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Online Encyclopedia
Originally appearing in Volume V27, Page 50 of the 1911 Encyclopedia Britannica.
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TORCELLO, an island of Venetia, Italy, in the lagoons about 6 m. to the N.W. of Venice, belonging to the commune of Burano. It was a flourishing city in the early middle ages, but now has only a few houses and two interesting churches. The former cathedral of S. Maria was founded in the 7th century. The present building, a basilica with columns, dates from 864; the nave was restored in Ioo8, in which year the now ruined octagonal baptistery was built. It contains large mosaics of the 12th century, strongly under Byzantine influence; those on the west wall represent the Resurrection and Last Judgment. The seats for the priests are arranged round the semicircular apse, rising in steps with the bishop's throne in the centre—an arrangement unique in Italy. Close by is S. Fosca, a church of the 12th century, octagonal outside, with colonnades on five sides and a rectangular interior intended for a dome which was never executed, beyond which is a three-apsed choir. In the local museum are four Mycenaean vases, one found in the island and another on the adjacent island of Mazzorbo, proving direct intercourse with the Aegean Sea in prehistoric times. See R. M. Dawkins, in Journal of Hellenic Studies (1904), xxiv. 125.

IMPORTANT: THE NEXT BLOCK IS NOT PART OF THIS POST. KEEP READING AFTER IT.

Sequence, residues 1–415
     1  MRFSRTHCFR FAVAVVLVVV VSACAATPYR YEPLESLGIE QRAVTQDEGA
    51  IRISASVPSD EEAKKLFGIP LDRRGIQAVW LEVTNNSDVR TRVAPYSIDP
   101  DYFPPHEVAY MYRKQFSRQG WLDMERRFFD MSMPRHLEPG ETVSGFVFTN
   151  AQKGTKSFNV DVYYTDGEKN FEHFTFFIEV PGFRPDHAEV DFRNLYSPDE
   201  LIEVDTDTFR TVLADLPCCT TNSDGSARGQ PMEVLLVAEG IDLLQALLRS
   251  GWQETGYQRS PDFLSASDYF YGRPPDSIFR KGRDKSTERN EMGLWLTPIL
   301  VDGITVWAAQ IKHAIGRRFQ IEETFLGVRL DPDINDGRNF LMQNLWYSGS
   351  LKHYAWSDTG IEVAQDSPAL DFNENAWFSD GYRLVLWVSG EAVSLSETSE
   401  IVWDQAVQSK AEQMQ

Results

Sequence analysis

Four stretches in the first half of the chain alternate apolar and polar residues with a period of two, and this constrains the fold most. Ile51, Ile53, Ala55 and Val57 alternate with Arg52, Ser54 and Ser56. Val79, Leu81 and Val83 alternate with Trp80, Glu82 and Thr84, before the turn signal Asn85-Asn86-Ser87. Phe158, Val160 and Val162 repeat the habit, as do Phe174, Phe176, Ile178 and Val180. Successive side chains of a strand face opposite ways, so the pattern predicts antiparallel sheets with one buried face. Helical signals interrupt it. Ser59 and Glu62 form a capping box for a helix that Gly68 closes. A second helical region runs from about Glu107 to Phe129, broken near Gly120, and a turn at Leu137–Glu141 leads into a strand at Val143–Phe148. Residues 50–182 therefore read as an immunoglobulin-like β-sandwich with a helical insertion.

End of Article: TORCELLO
TORBERNITE (or cupro-uranite)
TORCH (O. Fr. torche, from Med. Lat. tortia, derive...

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